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Keywords:

  • genetics;
  • genome-wide association;
  • pathogenesis;
  • systemic lupus erythematosus

Abstract.

  1. Top of page
  2. Abstract.
  3. Introduction
  4. Methods
  5. Results
  6. Discussion
  7. Conflict of interest statement
  8. References

We review the systemic lupus erythematosus (SLE) human genetics literature, including the first wave of genome-wide associations scans (GWAS), to identify confirmed and candidate risk variants that meet stringent statistical criteria. The understanding of the genetic basis of SLE in humans has expanded dramatically over the past year, offering an early glimpse into the primary genetic factors and major dysregulated pathways. A meta-analysis of published candidate variants was performed incorporating data from a 1310 case and 7859 control GWAS. Our review of the literature and meta-analysis identifies a total of 17 well-validated common SLE risk variants, including four candidate variants that achieve our definition of a confirmed SLE risk locus. These variants account for a fraction of the total genetic contribution to SLE risk, with many risk loci remaining to be identified, but may provide insight into the pathways involved in SLE. Initial pathway analyses of the 17 confirmed SLE risk alleles indicate an important role for B-cell signalling and development, signaling through toll-like receptors 7 and 9, and neutrophil function.


Introduction

  1. Top of page
  2. Abstract.
  3. Introduction
  4. Methods
  5. Results
  6. Discussion
  7. Conflict of interest statement
  8. References

Systemic Lupus Erythematosus (SLE) is a chronic inflammatory disease mediated by autoantibodies to nuclear and tissue specific antigens. Risk to SLE has a significant genetic component, as evidenced by familial aggregation and twin-studies. However, the relative contribution of copy number variants (CNVs), rare (<1%) and common (>1%) single nuclear polymorphisms (SNPs) to the genetic component of SLE is unclear. Comprehensive studies of CNVs in SLE are expected in the coming years and are eagerly anticipated given the important role CNVs appear to play in several common diseases [1, 2]. In SLE, studies of CNVs in the Fc receptor region and Complement Factor 4 in the HLA region are compelling, but a definitive role for the CNV has not been convincingly disentangled from nearby, linked risk variants [3, 4]. A number of rare variants that cause SLE in a Mendelian manner have been identified throughout the years, including disruption of several complement pathway components [5]. The Mendelian forms of SLE shed light onto pathways critical in pathogenesis, but account for only a small portion of the overall disease incidence [5]. More recently, rare variants that alter the amino acid sequence of TREX1 were found to be enriched in some patients with sporadic SLE [6]. The finding of rare variants influencing risk to SLE has generated excitement for large-scale exonic re-sequencing via 2nd generation technologies in SLE cases.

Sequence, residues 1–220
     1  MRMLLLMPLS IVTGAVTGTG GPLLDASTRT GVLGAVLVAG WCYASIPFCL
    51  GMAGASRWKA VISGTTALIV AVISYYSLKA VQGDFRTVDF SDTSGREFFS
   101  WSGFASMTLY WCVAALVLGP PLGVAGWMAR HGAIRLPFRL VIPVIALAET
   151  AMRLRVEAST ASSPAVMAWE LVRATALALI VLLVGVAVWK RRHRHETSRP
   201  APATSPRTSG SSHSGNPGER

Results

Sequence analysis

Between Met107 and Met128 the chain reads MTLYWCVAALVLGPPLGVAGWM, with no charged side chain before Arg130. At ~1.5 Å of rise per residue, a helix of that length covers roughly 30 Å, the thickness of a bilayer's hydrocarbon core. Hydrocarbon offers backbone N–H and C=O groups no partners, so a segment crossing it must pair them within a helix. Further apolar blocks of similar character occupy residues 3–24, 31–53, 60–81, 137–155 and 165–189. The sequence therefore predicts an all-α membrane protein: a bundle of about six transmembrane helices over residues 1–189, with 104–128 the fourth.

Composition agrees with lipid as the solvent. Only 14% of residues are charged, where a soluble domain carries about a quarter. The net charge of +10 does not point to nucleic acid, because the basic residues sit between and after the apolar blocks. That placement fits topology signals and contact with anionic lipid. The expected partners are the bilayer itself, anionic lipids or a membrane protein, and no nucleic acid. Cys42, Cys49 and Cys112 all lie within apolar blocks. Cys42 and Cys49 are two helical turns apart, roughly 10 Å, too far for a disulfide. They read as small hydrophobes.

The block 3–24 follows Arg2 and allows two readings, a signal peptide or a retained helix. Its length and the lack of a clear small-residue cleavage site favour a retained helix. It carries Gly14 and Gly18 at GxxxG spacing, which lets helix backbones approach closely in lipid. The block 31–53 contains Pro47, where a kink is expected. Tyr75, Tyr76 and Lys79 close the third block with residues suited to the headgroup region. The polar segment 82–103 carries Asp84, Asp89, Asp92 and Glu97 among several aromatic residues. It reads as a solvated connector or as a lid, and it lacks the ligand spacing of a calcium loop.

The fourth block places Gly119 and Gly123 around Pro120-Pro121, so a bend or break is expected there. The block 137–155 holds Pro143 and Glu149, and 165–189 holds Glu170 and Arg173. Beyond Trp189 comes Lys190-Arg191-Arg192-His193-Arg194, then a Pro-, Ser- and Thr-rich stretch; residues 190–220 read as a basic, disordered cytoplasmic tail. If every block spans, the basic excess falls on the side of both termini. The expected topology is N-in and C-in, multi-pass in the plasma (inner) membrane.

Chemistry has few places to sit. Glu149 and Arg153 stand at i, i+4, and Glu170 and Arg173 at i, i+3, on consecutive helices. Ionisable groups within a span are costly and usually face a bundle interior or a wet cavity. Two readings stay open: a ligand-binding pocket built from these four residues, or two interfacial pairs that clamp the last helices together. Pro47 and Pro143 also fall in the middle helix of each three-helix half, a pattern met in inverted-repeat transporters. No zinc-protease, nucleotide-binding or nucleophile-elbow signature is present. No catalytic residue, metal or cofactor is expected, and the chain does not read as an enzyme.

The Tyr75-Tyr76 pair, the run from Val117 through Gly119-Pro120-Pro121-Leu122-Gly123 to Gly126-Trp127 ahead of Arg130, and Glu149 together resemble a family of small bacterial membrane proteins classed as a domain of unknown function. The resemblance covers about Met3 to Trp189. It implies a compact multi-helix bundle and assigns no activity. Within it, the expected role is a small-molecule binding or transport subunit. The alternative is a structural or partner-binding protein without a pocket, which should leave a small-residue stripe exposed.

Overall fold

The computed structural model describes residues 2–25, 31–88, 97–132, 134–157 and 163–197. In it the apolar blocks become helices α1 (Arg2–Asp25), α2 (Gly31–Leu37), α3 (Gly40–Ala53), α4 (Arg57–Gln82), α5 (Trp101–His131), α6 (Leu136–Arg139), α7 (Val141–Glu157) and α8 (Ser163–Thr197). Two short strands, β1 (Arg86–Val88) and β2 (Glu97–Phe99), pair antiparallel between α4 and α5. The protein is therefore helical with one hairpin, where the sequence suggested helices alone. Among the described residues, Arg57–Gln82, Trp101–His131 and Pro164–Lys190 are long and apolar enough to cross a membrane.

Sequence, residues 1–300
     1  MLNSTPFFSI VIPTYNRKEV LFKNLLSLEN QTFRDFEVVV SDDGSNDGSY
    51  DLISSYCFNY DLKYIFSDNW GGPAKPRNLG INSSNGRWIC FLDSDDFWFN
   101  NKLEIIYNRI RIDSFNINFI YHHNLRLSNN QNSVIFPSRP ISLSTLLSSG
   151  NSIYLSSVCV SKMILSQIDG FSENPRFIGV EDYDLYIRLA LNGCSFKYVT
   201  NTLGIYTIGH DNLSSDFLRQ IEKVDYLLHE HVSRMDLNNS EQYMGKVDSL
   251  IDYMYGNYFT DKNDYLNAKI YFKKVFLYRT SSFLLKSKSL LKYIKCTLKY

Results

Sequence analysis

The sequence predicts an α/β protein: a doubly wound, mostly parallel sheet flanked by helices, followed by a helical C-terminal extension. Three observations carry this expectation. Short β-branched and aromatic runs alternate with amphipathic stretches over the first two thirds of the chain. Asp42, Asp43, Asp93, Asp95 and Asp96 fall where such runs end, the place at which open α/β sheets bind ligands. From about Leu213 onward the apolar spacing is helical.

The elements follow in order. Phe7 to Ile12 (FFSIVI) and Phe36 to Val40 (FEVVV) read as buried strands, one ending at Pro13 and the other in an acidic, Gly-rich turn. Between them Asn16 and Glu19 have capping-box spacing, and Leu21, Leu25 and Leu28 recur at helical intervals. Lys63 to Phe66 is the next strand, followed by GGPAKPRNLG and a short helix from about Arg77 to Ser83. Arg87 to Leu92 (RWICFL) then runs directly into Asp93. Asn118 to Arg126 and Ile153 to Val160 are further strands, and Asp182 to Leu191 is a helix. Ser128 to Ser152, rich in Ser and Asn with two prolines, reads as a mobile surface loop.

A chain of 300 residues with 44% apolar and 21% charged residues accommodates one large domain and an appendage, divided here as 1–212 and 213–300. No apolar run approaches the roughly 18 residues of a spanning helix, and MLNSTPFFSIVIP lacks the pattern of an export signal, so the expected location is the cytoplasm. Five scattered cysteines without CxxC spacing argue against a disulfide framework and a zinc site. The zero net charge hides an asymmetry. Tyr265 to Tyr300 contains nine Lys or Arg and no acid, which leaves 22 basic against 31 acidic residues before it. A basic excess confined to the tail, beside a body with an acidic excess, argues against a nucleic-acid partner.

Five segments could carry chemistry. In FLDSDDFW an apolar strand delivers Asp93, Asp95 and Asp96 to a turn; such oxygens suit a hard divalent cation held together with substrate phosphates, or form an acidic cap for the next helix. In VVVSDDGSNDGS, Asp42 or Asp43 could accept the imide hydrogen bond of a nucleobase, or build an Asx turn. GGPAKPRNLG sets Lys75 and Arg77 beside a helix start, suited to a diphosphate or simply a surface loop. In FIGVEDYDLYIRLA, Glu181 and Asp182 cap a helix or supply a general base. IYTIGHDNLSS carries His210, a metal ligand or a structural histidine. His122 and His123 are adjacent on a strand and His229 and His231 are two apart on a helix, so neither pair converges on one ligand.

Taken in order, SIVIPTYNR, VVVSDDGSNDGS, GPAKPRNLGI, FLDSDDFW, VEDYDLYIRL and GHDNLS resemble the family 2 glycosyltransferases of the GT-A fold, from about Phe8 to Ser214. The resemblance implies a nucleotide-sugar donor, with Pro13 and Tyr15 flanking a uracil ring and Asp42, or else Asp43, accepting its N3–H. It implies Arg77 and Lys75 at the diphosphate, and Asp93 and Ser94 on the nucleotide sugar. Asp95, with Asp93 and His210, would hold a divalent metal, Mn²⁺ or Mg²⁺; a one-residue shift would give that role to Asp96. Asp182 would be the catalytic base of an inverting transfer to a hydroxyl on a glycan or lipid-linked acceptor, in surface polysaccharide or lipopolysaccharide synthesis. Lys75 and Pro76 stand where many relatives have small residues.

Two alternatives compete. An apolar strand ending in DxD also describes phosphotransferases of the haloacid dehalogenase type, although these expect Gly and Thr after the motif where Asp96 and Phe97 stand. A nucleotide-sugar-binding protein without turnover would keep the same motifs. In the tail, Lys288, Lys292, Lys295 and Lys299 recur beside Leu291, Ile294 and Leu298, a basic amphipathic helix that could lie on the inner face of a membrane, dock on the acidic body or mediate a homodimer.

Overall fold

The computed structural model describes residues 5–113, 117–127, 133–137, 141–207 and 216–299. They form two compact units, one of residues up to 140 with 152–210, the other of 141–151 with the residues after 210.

The field has made significant progress recently in identifying common SLE risk alleles, with at least 13 reports of variants that reach a genome-wide level significance (P < 5 × 10−8) [7–17]. Prior to 2008, candidate gene studies identified a modest number of common genetic variants that were reproducibly associated with SLE, including the HLA-Class II haplotypes, Fc Receptor 2 alpha (FcR2A), Interferon Regulatory Factor 5 (IRF5), Protein Tyrosine Phosphotase 22 (PTPN22) and Signal Transducer and Activator of Transcription 4 (STAT4). Progress in technology over the past 5 years has resulted in the availability of genome-wide SNP genotyping systems that can interrogate ∼50–80% of the common genetic variation, depending on genotyping platform and study population. In 2008, a series of genome scans in SLE was published which identified multiple novel SLE risk loci [10–12, 18]. Here, we review the SLE human genetics literature, including recent genome-wide scans, and summarize confirmed and candidate risk variants. In addition, we perform a meta-analysis of published candidate variants incorporating data from a 1310 case and 7859 control GWAS [11], resulting in four additional confirmed SLE loci. Finally, we ask whether the newly identified SLE risk loci provide new insights into SLE pathogenesis.

Methods

  1. Top of page
  2. Abstract.
  3. Introduction
  4. Methods
  5. Results
  6. Discussion
  7. Conflict of interest statement
  8. References

Literature review of reported SLE risk variants

We systemically examined the SLE genetics literature to identify loci that meet strict criteria for disease association. Specifically, we defined a ‘confirmed’ locus as one where two independent studies have reported an association to SLE with a P ≤ 1 × 10−5. A meta-analysis of two reports with a P ≤ 1 × 10−5 corresponds to a P-value no >2.4 × 10−9 using Fisher’s combined probability test, a more conservative criterion than the generally accepted genome-wide significance value of P < 5 × 10−8. The identical variant (or proxy with r2 > 0.3) showing association to SLE with the same direction of effect was required. These criteria may exclude some true disease risk loci where replication data are not yet available.